As part of this week’s discussion on reducing food waste, we shared resources, tips, and tricks that you can try at home. Head over to these two articles we posted if you haven’t seen them already!
Many Small Actions Can Lead to Big Changes
Start with your purchasing and buy only what you need and will realistically use. Before you even head to the store, shop your refrigerator and pantry first and use what you already have. Along with Meatless Monday, how about designating a “No Food Waste Friday…or Tuesday or Wednesday” or any day of the week to use up leftovers and other food you already have that is at risk of spoiling before you would otherwise use it.
Read this article from Foodprint.org to learn 15 small actions you can take to reduce food waste that can lead to big changes.
Rescue Imperfect Foods
Project Drawdown, an international team of scientists evaluating climate solutions, ranked Reduced Food Waste as the #3 solution. In low-income countries, the wastage is primarily due to infrastructure, but in high-income countries a lot of food is rejected for aesthetic reasons or is wasted because we simply buy too much. Ranked with countries, food waste would be the third largest emitter of greenhouse gases, after the U.S. and China. You can help reduce food waste by being willing to buy “ugly” or imperfect produce. Decide not to overlook a piece of produce just because it has a small blemish. Use foods that are a little past their prime in soups, casseroles or smoothies. Vendors at the Blacksburg Farmers Market sometimes sell overripe peaches or imperfect apples at a discount. Stock up and preserve these items to enjoy when they’re out of season.
Learn More About Food Labels
One of the issues identified by Project Drawdown as leading to unnecessary wasted food is a lack of consistency and understanding of food labels, leading to perfectly good food being thrown out. A solution they recommended is to recognize that a “best by” date is just that: “best by” that date and does not mean the food is spoiled or expired. Strive not to throw away food that is still safe to eat by paying attention to the condition of the food rather than a date printed on the packaging that may not be an indication of whether the food is still good.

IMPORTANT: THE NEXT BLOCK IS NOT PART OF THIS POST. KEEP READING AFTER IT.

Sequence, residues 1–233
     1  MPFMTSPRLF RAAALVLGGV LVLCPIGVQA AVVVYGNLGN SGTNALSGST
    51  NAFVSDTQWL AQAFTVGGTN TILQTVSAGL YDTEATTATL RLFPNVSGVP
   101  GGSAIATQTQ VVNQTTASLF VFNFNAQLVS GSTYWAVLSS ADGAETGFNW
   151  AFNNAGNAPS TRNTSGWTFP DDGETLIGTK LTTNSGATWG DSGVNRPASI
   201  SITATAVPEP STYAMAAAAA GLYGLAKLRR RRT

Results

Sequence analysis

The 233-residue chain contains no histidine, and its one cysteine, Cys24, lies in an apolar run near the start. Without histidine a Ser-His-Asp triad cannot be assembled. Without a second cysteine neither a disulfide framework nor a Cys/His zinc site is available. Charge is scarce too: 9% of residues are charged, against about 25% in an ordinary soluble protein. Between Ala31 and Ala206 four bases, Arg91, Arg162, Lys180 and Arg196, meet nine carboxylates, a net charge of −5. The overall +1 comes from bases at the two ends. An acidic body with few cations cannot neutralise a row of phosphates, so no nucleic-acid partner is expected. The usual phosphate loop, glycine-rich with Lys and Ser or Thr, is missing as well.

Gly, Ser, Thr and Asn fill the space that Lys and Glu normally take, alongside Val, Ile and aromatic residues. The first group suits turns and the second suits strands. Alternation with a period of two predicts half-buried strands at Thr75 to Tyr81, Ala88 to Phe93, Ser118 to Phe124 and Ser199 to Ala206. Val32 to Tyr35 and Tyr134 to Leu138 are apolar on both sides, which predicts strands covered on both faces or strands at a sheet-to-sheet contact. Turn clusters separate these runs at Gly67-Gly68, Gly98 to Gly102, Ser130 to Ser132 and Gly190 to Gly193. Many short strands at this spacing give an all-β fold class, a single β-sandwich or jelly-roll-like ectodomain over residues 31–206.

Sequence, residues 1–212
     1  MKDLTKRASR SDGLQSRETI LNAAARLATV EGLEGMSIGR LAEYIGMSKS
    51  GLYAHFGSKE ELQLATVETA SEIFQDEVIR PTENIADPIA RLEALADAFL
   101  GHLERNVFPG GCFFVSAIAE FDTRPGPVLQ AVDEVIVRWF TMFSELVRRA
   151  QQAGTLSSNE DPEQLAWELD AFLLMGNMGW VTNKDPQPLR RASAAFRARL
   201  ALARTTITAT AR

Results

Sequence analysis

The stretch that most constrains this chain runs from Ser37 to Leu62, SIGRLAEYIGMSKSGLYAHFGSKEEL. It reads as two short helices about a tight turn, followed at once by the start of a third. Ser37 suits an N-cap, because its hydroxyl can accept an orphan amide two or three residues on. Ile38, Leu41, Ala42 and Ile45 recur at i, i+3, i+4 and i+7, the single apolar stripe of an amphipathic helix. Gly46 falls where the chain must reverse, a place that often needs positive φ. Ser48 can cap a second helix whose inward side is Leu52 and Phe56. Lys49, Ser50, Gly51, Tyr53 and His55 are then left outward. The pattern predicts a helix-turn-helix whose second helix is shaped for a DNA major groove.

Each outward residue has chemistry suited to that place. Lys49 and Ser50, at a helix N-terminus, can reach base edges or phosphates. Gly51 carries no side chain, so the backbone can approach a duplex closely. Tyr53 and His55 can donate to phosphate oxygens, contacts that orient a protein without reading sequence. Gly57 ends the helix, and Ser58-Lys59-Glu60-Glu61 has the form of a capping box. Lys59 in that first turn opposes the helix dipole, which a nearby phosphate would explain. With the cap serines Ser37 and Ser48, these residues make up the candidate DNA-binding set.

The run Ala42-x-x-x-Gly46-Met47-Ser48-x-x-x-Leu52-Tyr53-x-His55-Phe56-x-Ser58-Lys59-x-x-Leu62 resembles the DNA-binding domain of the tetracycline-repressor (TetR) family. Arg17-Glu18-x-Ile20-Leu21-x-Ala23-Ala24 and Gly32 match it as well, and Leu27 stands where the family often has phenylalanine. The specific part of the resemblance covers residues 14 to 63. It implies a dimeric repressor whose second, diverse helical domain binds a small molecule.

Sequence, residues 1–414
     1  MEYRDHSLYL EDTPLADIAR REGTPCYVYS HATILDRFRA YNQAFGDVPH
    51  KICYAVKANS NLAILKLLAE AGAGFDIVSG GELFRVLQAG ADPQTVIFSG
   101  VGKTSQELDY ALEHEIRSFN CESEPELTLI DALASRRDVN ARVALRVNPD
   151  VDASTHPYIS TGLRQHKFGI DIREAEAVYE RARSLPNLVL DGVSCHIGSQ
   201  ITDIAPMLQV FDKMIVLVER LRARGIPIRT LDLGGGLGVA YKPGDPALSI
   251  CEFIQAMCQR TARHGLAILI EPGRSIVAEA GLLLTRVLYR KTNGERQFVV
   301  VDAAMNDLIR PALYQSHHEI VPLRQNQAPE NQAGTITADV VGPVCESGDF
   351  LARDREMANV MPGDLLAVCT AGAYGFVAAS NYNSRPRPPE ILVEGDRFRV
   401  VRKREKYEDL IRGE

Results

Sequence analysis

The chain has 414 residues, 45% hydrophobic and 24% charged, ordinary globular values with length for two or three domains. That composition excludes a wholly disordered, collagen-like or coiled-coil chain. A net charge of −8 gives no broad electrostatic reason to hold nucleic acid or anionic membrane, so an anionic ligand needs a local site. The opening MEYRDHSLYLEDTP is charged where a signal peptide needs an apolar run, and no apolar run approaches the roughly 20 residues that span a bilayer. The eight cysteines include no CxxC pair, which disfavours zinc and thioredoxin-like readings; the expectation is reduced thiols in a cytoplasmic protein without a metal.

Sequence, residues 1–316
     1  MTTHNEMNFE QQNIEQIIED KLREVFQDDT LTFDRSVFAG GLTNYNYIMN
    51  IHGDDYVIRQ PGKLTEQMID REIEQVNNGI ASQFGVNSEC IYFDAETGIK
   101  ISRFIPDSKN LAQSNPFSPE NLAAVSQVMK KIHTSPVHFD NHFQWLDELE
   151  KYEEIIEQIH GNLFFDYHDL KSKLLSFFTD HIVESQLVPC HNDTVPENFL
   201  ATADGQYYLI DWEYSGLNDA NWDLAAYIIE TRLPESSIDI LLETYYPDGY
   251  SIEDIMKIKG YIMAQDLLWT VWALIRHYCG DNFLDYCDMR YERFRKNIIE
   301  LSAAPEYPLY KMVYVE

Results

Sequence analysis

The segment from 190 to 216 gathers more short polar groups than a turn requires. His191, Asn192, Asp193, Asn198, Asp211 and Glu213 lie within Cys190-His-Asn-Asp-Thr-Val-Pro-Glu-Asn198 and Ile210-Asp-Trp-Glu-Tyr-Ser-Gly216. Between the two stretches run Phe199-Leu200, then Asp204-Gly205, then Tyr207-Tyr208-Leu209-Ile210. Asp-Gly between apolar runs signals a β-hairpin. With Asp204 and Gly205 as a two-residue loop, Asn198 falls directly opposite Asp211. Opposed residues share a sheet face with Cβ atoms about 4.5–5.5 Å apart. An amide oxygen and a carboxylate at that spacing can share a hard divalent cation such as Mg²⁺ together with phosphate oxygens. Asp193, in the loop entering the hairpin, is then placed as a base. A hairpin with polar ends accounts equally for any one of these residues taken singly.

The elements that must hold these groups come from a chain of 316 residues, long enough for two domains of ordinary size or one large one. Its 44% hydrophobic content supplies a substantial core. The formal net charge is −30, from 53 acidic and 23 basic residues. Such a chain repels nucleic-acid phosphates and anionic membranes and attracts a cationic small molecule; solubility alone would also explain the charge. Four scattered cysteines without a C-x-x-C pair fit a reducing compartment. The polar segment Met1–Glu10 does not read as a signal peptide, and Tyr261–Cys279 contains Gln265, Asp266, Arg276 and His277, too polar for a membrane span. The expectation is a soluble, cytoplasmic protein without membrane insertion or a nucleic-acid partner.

And here’s another great animated short from the FDA on Understanding Date Labels on Food Packages
Don’t Waste. Share!
As you’re tackling your own habits to reduce wasted food in your household, you can also be more proactive to help local organizations like Share the Spare and the NRV Glean Team that are working to take surplus food that might otherwise go to waste and get it to people who are food insecure. Share the Spare will be back at the Blacksburg Farmers Market on Saturday ready to accept donations of surplus from your garden or food you purchase from farmers market vendors to help those less fortunate. We are excited to be partnering with Share the Spare and the YMCA at Virginia Tech to give away FREE (gently used but cleaned) reusable shopping bags.
Virginia Tech students and staff are working to reduce wasted food from campus dining halls through the Campus Kitchen (CKVT), which works to increase food access and to reduce food waste by redirecting unserved food from on-campus dining centers to hunger relief agencies in the New River Valley. Since 2015, CKVT has diverted 239,000 pounds (and counting!) of quality, unserved food from campus to community. This article explains the work of CKVT from a student perspective and offers tips to reduce wasted food, starting with “Don’t put too much on your plate.” CKVT is always looking for student leaders, so if you’re interested in being part of the movement, contact Kas at email@example.com.
Find More Ways to Get Involved in Our Community:
Week 11 starts tomorrow! Join us as we discuss ways to Cut Water Use and don’t forget to follow us on Facebook to see daily updates.